The world’s first public website is 26 years young
The internet is 26 years young on August 23 2017. How old do you feel?
On August 23, we celebrate Internaut Day. It’s a day in history when the internet killed the TV star. Yes, the world was to be forever changed by the 1991 release of the very first public website launched by Tim Berners-Lee, the same man that gave us the World Wide Web (WWW) – the WWW Day is also celebrated in August.
What is an internaut?
This is simply a hybrid of the words ‘internet’ and ‘astronaut’ and is used to describe the first voyagers on the public internet.
What did the first website look like?
The very first website was basic. No fancy website design. No built in web apps. No need for an experienced website designer (not that they existed then). It was a simple page detailing the World Wide Web Project set out by Berners-Lee and CERN. It offered free information on how new users could set up their own web server, create their own website and how to search for data and information using a browser on the internet.
Why this might not be the web anniversary we’re looking for?
While August 23 is the official anniversary for Internaut Day, it contradicts the information released by the World Wide Web Foundation (founding director: Tim Berners-Lee). According to the Foundation, development for the first browser, named World Wide Web, as well as editor, servers and line-mode browser began in 1990, culminating in the first web page on the open internet in December that same year.
Despite this being the official launch, the wider world wasn’t exposed to this new-fangled idea. Skip to August 6, Berners-Lee published an overview of the World Wide Web project on a number of online newsgroups, including the popular “alt.hypertext”, which was for hypertext fanatics. This move marked the debut of the World Wide Web with the source code actually released into the public domain in April 1993.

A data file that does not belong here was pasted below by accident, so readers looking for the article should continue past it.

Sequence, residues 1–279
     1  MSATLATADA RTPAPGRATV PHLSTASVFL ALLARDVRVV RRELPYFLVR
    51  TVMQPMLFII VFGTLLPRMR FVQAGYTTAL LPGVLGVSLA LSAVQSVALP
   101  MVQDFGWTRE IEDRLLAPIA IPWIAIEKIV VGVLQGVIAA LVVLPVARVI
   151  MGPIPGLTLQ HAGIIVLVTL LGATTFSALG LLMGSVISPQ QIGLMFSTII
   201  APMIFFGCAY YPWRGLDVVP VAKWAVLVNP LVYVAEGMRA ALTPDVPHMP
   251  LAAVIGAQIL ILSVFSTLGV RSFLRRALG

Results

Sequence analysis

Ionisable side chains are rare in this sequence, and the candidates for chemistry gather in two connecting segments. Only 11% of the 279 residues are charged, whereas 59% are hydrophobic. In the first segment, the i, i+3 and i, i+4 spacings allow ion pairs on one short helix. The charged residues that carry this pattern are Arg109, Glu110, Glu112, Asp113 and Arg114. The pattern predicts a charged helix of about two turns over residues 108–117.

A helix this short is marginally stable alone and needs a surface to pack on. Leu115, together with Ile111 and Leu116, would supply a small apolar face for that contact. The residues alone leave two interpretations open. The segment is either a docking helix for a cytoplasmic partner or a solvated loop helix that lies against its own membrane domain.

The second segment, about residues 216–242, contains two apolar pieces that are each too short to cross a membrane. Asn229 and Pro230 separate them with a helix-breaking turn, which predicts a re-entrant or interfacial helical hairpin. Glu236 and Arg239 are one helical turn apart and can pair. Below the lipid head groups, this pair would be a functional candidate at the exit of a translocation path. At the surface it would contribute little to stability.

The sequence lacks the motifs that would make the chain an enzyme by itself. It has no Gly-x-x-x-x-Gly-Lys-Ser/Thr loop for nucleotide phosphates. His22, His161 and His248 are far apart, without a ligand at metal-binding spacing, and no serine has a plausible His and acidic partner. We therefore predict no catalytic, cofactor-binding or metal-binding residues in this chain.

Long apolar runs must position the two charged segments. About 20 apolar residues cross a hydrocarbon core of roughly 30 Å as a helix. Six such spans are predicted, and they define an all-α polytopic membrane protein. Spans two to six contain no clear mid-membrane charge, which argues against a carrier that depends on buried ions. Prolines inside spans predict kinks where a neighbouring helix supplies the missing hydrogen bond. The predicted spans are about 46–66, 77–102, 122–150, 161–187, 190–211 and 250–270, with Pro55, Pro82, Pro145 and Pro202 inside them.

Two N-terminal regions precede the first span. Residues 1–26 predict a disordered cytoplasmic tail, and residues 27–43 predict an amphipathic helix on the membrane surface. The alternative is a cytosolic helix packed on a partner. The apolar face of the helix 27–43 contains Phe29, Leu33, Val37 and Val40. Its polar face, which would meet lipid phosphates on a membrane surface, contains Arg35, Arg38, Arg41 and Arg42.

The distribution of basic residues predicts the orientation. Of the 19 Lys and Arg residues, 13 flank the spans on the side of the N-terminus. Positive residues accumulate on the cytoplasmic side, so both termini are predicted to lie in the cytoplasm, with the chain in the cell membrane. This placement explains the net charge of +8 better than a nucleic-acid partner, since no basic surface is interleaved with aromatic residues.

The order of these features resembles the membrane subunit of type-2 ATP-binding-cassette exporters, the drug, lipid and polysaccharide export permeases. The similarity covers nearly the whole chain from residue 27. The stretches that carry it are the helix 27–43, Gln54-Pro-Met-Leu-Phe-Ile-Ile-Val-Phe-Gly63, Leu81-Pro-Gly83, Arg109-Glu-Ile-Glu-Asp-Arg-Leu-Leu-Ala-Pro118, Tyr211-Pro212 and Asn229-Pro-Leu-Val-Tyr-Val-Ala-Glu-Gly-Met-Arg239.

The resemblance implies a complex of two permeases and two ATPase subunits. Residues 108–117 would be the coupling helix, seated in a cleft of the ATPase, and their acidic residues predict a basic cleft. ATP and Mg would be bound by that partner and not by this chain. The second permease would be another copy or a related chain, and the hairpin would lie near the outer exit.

What did the internet look like before the World Wide Web?
The internet from the 80’s to the 90’s is much like what Virtual Reality is to those who aren’t web designers, web app developers and technology nerds. The internet you know and love now is nothing like one pre-Web. In fact, the internet throughout the 80’s and 90’s was almost entirely a text-based world called BBS, which you dialled into via a modem and were presented with a textual menu of the things you could do. According to iFactory’s based in Brisbane team of web developers who were dabbling in the internet pre-web, it was a place comprised completely of nerds as a place to talk about computers and Star Trek via newsgroups, share files and play basic games.
Finding out about newsgroups was archaic compared to the “just Google it” days we now live in. A user would need to find out about groups via magazine articles and reviews, and would then need to buy and download software to access the group. The groups would experience delays of many hours before anyone would be able to seen by other members in the group. Users could also send files via FTP and if you wanted to search FTP site, a service called Archie existed.
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